The monastery of Triten Norbutse is above all an educational institution. This is what H.E. Yongdzin Tenzin Namdak Rinpoche has wanted for his monastic community: to be learned. How is the monastery´ s Yungdrung Bön Academy of Higher Studies organized? The abbot of Triten Norbutse and the beloved teacher of many western students Khenchen Tenpa Yungdrung Rinpoche kindly answered this and other our questions.
The 25th anniversary of the Academy, celebrated in January of 2020, was attended by two thousand people, including representatives of the Nepali government. Around five hundred visitors came from the West. It looks like quite an accomplishment. But the beginning was, I guess, slow and hard.
It took five years of preparations to start the Academy. You have to meet all the necessary conditions. You need an infrastructure for basic necessities, enough qualified students and teachers and enough texts which students can use. First, we introduced a nine-year program but as soon as it was possible it was extended to become the current full-size curriculum of thirteen years. Yongdzin Rinpoche wanted to make it even more complete than it was traditionally in our principal monasteries. Rinpoche has always emphasized the importance of studies and learning, in his life and in the monasteries which he built.
The core of the Academy is the Shedra, translated as the Dialectic School. How many monks enrolled in the first class of the Dialectic School?
Twenty-one. And up to now, in total around 80 obtained the Geshe degree. The studies are quite difficult and not everybody finishes them. The monastery has grown a lot, since then. Currently, we have 120 monks studying at the Shedra. Beside the Dialectic School, our Academy has two more branches. Drubdra, which is a practice-based four-year program for those who want to focus on meditation, and a school of traditional Tibetan medicine. The latter takes nine year and is open to lay people, both men and women.
At what age do the monks usually start their studies?
They can be of different ages, depending on when they came to the monastery, but not younger than 15. Traditionally, it could have been earlier, nowadays the custom is to wait until the person is grown up enough to decide for themselves if they want to become monks. Only the fully ordained monks can become students of the Shedra.
Can you describe the teaching subjects of the Dialectic school?
We classify them into the so called five sciences: external and internal science, science of medicine, language studies and epistemology. Internal sciences are the main doctrinal teachings, all the philosophy and spiritual practices, methods of meditation. These, together with epistemology and logic are at the core of the Dialectic school. Doctrinal texts are discussed by monks in debates, to train them to expose the teaching well. There is lots of emphasis on debating. Students start with them since the very beginning of the curriculum, and they debate two three hours every day. In the tenth year monks study vinaya, the complex of monastic vows. The last three years are dedicated to the teachings that are considered as highest, which are tantra and dzogchen, the Great Perfection.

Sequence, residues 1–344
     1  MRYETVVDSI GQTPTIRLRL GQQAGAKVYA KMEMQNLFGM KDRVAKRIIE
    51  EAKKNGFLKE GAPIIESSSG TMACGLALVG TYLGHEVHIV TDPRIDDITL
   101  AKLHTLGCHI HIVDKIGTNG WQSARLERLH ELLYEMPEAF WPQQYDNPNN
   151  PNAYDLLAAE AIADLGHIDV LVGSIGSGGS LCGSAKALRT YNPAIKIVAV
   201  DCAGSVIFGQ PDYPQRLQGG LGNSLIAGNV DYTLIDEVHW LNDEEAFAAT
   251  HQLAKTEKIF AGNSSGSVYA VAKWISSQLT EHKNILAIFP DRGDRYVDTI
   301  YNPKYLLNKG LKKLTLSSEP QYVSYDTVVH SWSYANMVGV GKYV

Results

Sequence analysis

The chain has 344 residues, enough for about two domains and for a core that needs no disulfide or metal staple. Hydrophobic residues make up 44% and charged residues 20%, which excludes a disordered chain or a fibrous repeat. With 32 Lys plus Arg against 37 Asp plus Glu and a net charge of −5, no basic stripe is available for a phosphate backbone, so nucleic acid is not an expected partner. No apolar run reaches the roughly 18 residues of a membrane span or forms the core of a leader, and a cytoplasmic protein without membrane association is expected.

What about external sciences?
They are taught mainly in the afternoon and include astrology and other, we say general, sciences, for example poetry. Monks also study the language in which the teachings are written, classical Tibetan. Music, dance and craftwork are not part of the regular schedule, monks are trained in them during some periods of the year, especially before important rituals. Everyone needs to know how to make ritual objects of offering, paintings, sand mandalas, and how to play all the ritual instruments, and the different melodies used in chanting.
Do you plan any changes or innovations in the curriculum, for the future?
We hope there could be different programs for studying some of those arts and sciences in our monastery, for example more extensive studies of languages or visual arts. In the medical science it is already like this. Medical studies are partly included in the program of the Dialectic School, but it is also possible to become a specialist, a doctor of Tibetan medicine, amchi in Tibetan, in a separated nine-year program.
Can you describe the daily schedule of the students? Do you consider it demanding?
Well, yes, it does leave little free time indeed. The program starts at seven o´ clock in the morning and ends at seven in the evening, in the winter it starts one hour later in the morning and ends a half an hour earlier in the evening. But many monks wake up much earlier, I think generally around 5 am, and use the morning time according to their individual needs, often for memorizing texts. Students of the meditation school have to wake up at 4:30 and perform morning prayers followed by meditation. The monastery´has a kind of alarm clock – a gong that calls those students to gather, at 4:30, and their loud prayers and chants wake up the others. In the evening, the monks go to bed around 11 o´ clock.
What is the program of the day?
There is one-hour teaching in the morning and one hour in the afternoon, from three to five there are debates and the rest is time for self-study and training. Beside this, the monks have to perform prayers and rituals requested by the public and benefactors of the monastery. This is traditionally the second function of the monastic community and also the main source of income: in exchange for this service people offer a donation. Monks do it in the breaks for breakfast and lunch and there are also four days in a month fully dedicated to the prayers, no classes are held in those days. Monks are divided in different groups and each of them performs different requested rituals. In this was they also learn, by the way.
Is there anything that you think would need an improvement, in the curriculum?
Well, sure, for example comparing it to Western higher education we do not train much our writing skills. A thesis is not a part of the curriculum. We have introduced written exams and encourage people to write, but more could be done.
As an abbot, you have a responsibility to feed and dress the monks of your monastery; how do you manage to provide for the basic needs of 300 people?
Thank to our benefactors we manage. One source of income is the offerings made for requested rituals mentioned before. Beside this, we also receive donations from individuals. Some people decide to sponsor a monk. The money goes to the general budget though.
The monastery looks very nice, colorful and cheerful, but at a closer look one discovers that conditions are quite basic, if not poor…